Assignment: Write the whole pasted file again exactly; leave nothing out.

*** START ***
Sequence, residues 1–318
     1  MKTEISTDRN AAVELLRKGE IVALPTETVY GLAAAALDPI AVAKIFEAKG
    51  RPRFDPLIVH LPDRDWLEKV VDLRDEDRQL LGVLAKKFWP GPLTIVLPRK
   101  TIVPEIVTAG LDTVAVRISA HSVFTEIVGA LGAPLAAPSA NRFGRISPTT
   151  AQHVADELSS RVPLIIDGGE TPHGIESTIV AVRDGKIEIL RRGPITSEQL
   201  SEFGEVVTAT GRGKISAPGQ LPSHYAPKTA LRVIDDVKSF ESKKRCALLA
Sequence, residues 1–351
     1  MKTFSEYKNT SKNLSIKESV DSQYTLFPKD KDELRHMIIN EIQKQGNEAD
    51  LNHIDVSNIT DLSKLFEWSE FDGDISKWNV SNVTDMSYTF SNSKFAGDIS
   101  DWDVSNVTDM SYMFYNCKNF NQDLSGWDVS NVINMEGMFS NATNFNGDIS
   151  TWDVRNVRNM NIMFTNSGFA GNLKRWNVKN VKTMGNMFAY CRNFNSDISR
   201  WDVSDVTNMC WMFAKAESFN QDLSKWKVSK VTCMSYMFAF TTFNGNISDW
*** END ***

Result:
Sequence, residues 1–318
     1  MKTEISTDRN AAVELLRKGE IVALPTETVY GLAAAALDPI AVAKIFEAKG
    51  RPRFDPLIVH LPDRDWLEKV VDLRDEDRQL LGVLAKKFWP GPLTIVLPRK
   101  TIVPEIVTAG LDTVAVRISA HSVFTEIVGA LGAPLAAPSA NRFGRISPTT
   151  AQHVADELSS RVPLIIDGGE TPHGIESTIV AVRDGKIEIL RRGPITSEQL
   201  SEFGEVVTAT GRGKISAPGQ LPSHYAPKTA LRVIDDVKSF ESKKRCALLA
Sequence, residues 1–351
     1  MKTFSEYKNT SKNLSIKESV DSQYTLFPKD KDELRHMIIN EIQKQGNEAD
    51  LNHIDVSNIT DLSKLFEWSE FDGDISKWNV SNVTDMSYTF SNSKFAGDIS
   101  DWDVSNVTDM SYMFYNCKNF NQDLSGWDVS NVINMEGMFS NATNFNGDIS
   151  TWDVRNVRNM NIMFTNSGFA GNLKRWNVKN VKTMGNMFAY CRNFNSDISR
   201  WDVSDVTNMC WMFAKAESFN QDLSKWKVSK VTCMSYMFAF TTFNGNISDW